Date on Master's Thesis/Doctoral Dissertation


Document Type

Doctoral Dissertation

Degree Name

Ph. D.


Mechanical Engineering

Degree Program

Mechanical Engineering, PhD

Committee Chair

Lian, Yongsheng

Committee Co-Chair (if applicable)

Chang, Dar-Jeng

Committee Member

Chang, Dar-Jeng

Committee Member

Murphy, Kevin

Committee Member

Sharp, Keith

Author's Keywords

drop impingement; CFD; multiphase flow; collection efficiency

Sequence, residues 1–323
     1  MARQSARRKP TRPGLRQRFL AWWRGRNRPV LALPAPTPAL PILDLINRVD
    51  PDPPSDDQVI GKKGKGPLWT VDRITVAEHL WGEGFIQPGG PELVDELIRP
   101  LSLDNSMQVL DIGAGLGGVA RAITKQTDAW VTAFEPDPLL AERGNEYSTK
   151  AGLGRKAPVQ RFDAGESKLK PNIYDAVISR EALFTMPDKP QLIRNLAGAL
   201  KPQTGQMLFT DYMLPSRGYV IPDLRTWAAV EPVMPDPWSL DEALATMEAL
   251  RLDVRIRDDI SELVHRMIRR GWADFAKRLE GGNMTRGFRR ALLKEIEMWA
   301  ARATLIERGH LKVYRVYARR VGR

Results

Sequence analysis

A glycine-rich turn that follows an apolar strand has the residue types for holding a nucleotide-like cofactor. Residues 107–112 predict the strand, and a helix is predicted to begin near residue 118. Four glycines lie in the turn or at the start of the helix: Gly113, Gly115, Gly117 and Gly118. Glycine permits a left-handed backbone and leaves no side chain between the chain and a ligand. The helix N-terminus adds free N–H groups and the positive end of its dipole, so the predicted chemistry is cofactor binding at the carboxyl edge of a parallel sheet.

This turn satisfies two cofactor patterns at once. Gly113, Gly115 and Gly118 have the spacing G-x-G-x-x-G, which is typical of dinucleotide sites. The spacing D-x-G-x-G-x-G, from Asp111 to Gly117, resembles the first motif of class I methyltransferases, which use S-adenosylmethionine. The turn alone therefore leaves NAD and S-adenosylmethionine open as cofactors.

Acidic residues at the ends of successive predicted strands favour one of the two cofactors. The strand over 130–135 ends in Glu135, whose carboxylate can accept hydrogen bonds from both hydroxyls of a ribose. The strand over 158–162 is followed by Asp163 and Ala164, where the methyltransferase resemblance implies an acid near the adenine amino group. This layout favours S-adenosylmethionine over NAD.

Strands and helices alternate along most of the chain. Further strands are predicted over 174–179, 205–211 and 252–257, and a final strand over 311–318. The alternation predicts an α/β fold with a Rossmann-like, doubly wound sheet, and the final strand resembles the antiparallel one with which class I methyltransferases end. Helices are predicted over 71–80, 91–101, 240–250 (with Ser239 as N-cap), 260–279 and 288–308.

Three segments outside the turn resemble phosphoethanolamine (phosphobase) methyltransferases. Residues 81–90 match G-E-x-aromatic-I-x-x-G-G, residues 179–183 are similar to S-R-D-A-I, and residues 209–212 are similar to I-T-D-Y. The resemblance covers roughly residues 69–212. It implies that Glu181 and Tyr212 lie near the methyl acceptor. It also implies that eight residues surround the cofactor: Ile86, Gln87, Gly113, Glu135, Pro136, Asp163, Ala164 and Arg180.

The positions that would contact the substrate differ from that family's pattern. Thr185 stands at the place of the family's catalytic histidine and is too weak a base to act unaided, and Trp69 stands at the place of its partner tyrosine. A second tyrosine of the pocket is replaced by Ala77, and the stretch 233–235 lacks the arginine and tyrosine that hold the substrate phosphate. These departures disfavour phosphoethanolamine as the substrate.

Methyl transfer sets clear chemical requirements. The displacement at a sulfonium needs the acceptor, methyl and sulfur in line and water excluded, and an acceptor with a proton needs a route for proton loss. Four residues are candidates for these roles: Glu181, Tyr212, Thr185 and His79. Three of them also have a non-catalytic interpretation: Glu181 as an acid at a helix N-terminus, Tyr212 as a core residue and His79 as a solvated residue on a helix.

In-flight icing due to supercooled large droplets (SLDs) imposes great danger on aviation safety. Because of the large size, SLDs have different characteristics than typical cloud droplets that most icing encounters involve. As a result, SLDs more likely hit the wing surface and move into areas not protected by de-icing devices to form ice, which can lead to loss of lift, increase in drag, altered controllability, and eventually stall and loss of control of the aircraft. The phenomenon of droplet splashing is considered as the most important aspect of the SLD icing accretion problem. Although previous studies have established splashing threshold and revealed most parameters affecting splashing, the splashing mechanism is still not fully understood. In this study, the impacts of droplets on both dry and wet surfaces were numerically investigated to understand the splashing mechanism. A Navier-Stokes solver was used to describe the flow field, the moment-of-fluid (MOF) method was used to capture the droplet interface evolution, the adaptive mesh refinement technique was employed to refine the mesh near the regions of interest, and the dynamic contact angle model was used to represent the wettability of the solid surface. Using the multiphase flow solver, the effect of ambient gas density on splashing was intensively studied and it was confirmed that lowering ambient gas density can suppress dry surface splashing while has no significant influence on wet surface splashing. Then, high-speed drop impact on thin liquid film with a focus on oblique impact was investigated. The numerical results showed that the tangential velocity can significantly alter impact phenomena: a higher tangential velocity leads to lower lamella height and radius on the side behind the advancing drop, the higher tangential velocity also leads to stronger vortices at the drop and film interface due to Kelvin-Helmholtz instability. Simulations of oblique impacts of two neighboring drops were also conducted for low-speed and high-speed impacts. Strong interaction occurred when the crowns formed by the two neighboring drops interfered with each other. For low-speed impact, droplets deposited on to the liquid film with short and thick crowns formed and the interaction region was superposition of crowns. For high-speed impact, crowns broken up to form splashing and the interaction behavior became complicated. Finally, the droplet impacts on a MS(1)-317 airfoil was studied and the water collection efficiency and impingement limit were investigated. Unlike most previous studies, the flow field and droplet behavior were simultaneously simulated using one multiphase flow solver. The results were compared with the ice accretion simulation code LEWICE and experimental data. The simulations showed that the calculated water collection efficiency of cloud-sized droplets matched the result of LEWICE, however, the calculated water collection efficiency of large droplets showed better agreement with the experimental data than LEWICE. The better agreement was attributed to the droplet trajectory calculation and the capture of droplet splashing.